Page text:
S.A artists set to receive royalties from Facebook, Netflix and TikTok. (Courtesy)

Registered South African songwriters, composers, and publishers whose music is used on TikTok, Facebook, and Netflix will now be eligible to receive royalties. This was announced by The Southern African Music Rights Organisation (SAMRO), which revealed that it has started collecting royalties on behalf of its members.

The positive directive for the creatives in South Africa came after a long and strenuous engagement between SAMRO and the popular digital platforms on licensing agreements. 

“Samro is pleased to announce that we have entered into licensing agreements with short-form video content social media platform TikTok, global social media powerhouse Facebook, as well as the video streaming subscription platform Netflix, that will benefit members,” said Samro chairperson Nicholas Maweni.

According to Maweni, SAMRO will collect royalties on behalf of members for all copyright-protected content featured across the digital platforms. 

“Thanks to the conclusion of these binding agreements, Samro will be able to collect royalties on behalf of members, for all copyright-protected content that features on these platforms, with immediate effect,” he added.

However, Maweni disclosed that platforms such as Facebook prohibited the use of copyright-protected content on their networks.

“This deal is going to enrich these platforms through the use of high-quality content produced by our members while at the same time broadening the scope and usage of member content.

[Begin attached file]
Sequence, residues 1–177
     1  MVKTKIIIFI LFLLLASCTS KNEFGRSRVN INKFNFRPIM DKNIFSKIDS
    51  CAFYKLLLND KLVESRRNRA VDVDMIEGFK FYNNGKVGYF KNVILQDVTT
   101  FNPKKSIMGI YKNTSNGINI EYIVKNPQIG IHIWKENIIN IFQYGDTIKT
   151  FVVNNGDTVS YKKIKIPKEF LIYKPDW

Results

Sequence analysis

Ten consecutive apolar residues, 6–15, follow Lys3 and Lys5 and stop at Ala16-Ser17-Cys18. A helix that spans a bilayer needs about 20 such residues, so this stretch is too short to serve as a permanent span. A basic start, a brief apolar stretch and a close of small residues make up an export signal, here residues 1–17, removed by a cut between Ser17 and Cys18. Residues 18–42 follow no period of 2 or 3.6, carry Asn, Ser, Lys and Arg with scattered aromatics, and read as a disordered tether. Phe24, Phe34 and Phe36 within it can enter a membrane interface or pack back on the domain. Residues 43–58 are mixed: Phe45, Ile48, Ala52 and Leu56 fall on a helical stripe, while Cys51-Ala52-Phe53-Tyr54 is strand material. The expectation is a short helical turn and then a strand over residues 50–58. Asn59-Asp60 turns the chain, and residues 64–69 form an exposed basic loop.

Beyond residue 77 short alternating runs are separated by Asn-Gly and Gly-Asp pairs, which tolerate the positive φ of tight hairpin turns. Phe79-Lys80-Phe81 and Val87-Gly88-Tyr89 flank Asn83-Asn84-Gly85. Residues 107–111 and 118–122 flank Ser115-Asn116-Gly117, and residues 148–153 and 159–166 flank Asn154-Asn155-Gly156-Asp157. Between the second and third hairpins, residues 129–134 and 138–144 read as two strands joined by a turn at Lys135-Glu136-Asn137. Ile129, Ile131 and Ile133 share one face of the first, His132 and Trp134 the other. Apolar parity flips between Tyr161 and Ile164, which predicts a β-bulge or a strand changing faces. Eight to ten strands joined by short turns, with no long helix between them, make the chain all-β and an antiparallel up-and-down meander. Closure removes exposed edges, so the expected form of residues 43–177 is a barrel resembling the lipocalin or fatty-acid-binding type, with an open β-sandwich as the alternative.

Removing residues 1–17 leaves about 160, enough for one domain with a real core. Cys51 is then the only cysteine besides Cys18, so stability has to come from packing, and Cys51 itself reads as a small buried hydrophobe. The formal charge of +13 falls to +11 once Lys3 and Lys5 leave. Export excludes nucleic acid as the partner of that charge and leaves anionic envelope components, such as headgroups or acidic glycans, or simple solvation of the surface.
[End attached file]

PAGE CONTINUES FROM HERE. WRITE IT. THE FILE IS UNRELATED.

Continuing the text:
"The technological evolution we are experiencing is a welcome development as it creates new avenues through which the public can experience creative works while at the same opening up new opportunities for our members," he added.

According to Business Insider South Africa, TikTok is estimated to have more than six million users in the country. The popular app has racked up more than two billion global downloads since its release in 2016, outpacing Facebook, Instagram, Snapchat, and Twitter.

It is believed that the agreement to collect royalties on behalf of creatives was provoked by the success of Jerusalema, a song produced by South African hitmaker Master KG, which later became a TikTok sensation in 2020.

In February this year, record company Warner, which has a contract with Master KG, demanded license fees to use the popular song in dance videos. According to Focus magazine, the record company had written to several organizations across Germany demanding them to pay up.